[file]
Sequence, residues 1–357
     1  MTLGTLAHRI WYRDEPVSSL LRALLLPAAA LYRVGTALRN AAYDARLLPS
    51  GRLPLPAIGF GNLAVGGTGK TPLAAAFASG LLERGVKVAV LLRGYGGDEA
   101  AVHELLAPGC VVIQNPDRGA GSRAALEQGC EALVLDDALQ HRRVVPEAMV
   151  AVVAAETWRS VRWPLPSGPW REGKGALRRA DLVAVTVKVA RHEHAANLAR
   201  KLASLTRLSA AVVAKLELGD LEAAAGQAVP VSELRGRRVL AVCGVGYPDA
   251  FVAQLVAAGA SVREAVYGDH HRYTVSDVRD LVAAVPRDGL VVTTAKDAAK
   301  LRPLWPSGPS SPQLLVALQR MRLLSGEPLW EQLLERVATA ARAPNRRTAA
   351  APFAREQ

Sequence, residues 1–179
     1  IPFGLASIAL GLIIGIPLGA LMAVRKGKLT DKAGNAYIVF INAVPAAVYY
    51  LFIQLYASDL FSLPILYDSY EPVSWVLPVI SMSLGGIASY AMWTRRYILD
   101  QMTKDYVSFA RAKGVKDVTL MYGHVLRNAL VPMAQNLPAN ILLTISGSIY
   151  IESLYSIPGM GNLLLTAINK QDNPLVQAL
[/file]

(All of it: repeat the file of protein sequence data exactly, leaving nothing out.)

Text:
Sequence, residues 1–357
     1  MTLGTLAHRI WYRDEPVSSL LRALLLPAAA LYRVGTALRN AAYDARLLPS
    51  GRLPLPAIGF GNLAVGGTGK TPLAAAFASG LLERGVKVAV LLRGYGGDEA
   101  AVHELLAPGC VVIQNPDRGA GSRAALEQGC EALVLDDALQ HRRVVPEAMV
   151  AVVAAETWRS VRWPLPSGPW REGKGALRRA DLVAVTVKVA RHEHAANLAR
   201  KLASLTRLSA AVVAKLELGD LEAAAGQAVP VSELRGRRVL AVCGVGYPDA
   251  FVAQLVAAGA SVREAVYGDH HRYTVSDVRD LVAAVPRDGL VVTTAKDAAK
   301  LRPLWPSGPS SPQLLVALQR MRLLSGEPLW EQLLERVATA ARAPNRRTAA
   351  APFAREQ

Sequence, residues 1–179
     1  IPFGLASIAL GLIIGIPLGA LMAVRKGKLT DKAGNAYIVF INAVPAAVYY
    51  LFIQLYASDL FSLPILYDSY EPVSWVLPVI SMSLGGIASY AMWTRRYILD
   101  QMTKDYVSFA RAKGVKDVTL MYGHVLRNAL VPMAQNLPAN ILLTISGSIY
   151  IESLYSIPGM GNLLLTAINK QDNPLVQAL